The injunction to prevent a mother with a tattoo from breastfeeding her baby has been overturned by a family court in Sydney, ABC Australia reported.
Family court judge Murray Aldridge said that Myers based his evidence on documents that could not be relied upon, adding: "Judges must not mistake their own views for being either facts not reasonably open to question or as appropriately qualified expert evidence."
Original story below:
A federal circuit court judge in Australia has banned a mother from breastfeeding her 11-month-old son after she got a tattoo.
Breastfeeding advocates, including Dr Karleen Gribble from the University of Western Sydney, are shocked by the decision.
She told ABC Australia:
I think if it were reasonable then we would have very, many women in Australia who would be quite horrified and perhaps child protection authorities should be taking action because many mothers who are breastfeeding get tattoos – very often of their children's names..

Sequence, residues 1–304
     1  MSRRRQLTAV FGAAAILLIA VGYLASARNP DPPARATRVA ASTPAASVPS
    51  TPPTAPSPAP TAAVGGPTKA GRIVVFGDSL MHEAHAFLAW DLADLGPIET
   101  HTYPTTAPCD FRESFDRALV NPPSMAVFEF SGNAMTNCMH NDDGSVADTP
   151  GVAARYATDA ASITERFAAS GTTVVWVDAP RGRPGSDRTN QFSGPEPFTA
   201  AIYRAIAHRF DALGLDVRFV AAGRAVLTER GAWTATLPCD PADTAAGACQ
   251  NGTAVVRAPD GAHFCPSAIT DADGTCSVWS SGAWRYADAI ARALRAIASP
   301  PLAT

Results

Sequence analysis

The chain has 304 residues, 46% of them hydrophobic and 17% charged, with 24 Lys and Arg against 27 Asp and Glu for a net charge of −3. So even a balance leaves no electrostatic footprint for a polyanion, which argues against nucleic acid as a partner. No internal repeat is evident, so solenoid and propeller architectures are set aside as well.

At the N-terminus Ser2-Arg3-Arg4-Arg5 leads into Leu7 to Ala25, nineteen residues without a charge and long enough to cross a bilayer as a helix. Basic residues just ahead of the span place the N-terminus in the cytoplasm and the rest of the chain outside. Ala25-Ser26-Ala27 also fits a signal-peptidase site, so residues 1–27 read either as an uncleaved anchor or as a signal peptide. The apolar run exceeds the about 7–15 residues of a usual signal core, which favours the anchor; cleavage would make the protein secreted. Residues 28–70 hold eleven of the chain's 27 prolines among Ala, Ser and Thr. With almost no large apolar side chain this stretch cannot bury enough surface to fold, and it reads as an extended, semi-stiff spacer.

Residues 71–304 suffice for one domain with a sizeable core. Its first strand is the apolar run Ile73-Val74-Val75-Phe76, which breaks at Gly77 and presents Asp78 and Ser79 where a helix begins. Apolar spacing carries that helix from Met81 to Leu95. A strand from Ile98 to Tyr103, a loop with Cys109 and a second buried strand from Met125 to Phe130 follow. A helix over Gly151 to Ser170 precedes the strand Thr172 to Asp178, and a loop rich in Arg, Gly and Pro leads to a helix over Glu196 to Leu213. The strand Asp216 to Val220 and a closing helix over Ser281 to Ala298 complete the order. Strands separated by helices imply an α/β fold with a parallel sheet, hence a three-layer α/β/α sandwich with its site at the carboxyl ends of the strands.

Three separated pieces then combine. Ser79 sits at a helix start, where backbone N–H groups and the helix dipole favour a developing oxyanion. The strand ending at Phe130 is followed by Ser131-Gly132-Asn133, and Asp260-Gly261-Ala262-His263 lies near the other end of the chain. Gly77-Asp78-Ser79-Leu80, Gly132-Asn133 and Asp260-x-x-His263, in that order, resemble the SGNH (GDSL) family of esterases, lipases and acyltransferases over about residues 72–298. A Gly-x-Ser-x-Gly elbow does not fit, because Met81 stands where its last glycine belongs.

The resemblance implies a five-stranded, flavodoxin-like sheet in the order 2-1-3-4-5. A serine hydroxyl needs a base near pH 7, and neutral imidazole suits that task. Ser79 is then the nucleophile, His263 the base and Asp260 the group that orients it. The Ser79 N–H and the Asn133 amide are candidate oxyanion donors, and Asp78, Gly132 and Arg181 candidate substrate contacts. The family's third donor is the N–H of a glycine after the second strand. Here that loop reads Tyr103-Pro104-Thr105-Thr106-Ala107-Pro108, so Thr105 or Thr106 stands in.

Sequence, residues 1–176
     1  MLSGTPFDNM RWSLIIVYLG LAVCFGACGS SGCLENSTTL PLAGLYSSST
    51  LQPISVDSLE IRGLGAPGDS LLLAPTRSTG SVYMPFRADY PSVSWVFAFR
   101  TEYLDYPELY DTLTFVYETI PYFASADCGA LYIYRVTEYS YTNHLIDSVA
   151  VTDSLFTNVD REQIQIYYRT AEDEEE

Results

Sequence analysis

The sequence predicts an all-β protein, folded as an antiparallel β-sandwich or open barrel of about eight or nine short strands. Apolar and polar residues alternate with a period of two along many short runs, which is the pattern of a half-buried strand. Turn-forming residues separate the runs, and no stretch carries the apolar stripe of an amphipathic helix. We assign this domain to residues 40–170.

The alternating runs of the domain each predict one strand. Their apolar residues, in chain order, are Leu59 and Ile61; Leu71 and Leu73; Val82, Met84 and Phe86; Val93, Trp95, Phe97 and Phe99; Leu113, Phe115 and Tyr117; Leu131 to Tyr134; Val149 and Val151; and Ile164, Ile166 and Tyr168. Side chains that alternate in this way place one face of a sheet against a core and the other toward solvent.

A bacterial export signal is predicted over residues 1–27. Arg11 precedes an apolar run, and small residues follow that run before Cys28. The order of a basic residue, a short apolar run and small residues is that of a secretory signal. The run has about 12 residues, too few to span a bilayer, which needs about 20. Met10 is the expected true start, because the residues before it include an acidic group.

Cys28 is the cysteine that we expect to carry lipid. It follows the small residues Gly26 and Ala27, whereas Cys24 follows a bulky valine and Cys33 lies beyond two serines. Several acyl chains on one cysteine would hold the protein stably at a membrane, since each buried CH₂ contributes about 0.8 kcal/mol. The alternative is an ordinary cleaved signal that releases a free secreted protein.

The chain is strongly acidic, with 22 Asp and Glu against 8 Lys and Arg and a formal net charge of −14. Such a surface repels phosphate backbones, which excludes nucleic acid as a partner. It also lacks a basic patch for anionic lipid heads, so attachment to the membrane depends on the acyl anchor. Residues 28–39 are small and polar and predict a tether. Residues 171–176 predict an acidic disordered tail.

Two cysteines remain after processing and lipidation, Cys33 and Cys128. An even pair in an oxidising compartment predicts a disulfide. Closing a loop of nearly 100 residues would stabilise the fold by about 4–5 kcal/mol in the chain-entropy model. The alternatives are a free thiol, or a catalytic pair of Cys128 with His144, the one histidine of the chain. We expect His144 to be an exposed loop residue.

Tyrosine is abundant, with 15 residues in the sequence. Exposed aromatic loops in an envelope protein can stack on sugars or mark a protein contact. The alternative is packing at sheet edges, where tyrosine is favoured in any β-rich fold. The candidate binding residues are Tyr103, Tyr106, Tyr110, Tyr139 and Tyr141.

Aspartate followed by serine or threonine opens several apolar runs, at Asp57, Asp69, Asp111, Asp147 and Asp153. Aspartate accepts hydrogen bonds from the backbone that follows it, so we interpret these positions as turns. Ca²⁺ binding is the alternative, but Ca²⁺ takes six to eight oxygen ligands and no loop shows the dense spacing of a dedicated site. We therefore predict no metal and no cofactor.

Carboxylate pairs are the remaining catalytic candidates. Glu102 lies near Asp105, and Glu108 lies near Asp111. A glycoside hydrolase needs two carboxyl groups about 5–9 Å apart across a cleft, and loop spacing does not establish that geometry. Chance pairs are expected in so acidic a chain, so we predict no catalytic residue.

I think when it comes to mothers and breastfeeding, we need to consider that mothers are people, they do things.
Despite Myers saying that his ruling was informed by guidelines from the Australian Breastfeeding Association, its CEO, Rebecca Naylor, also disagrees with the decision, according to ABC Australia.
"Tattooing is a regulated industry, so if you go to a tattoo parlour that is reputable then the chances [of contracting an infection] are very low," Naylor said. "I think unless there's evidence that she has contracted an infection as a result of that tattoo, then it is unreasonable."
She added that the ruling has greater implications in terms of the judge's right to control women's behaviour, saying:
Does that mean that women who expose themselves to any sort of risks around the contraction of a blood-borne virus ... shouldn't be allowed to breastfeed?
Of course we have to consider the risk to babies, and I'm not in any way dismissing that.
Women do need to be careful. They're feeding a child, it's going to be their main source of nutrition up until they're 12 months of age, so you do have to be careful.
But it doesn't mean that you have to wrap yourself in glad wrap.
An appeal against the ruling will take place in Sydney's family court on Friday.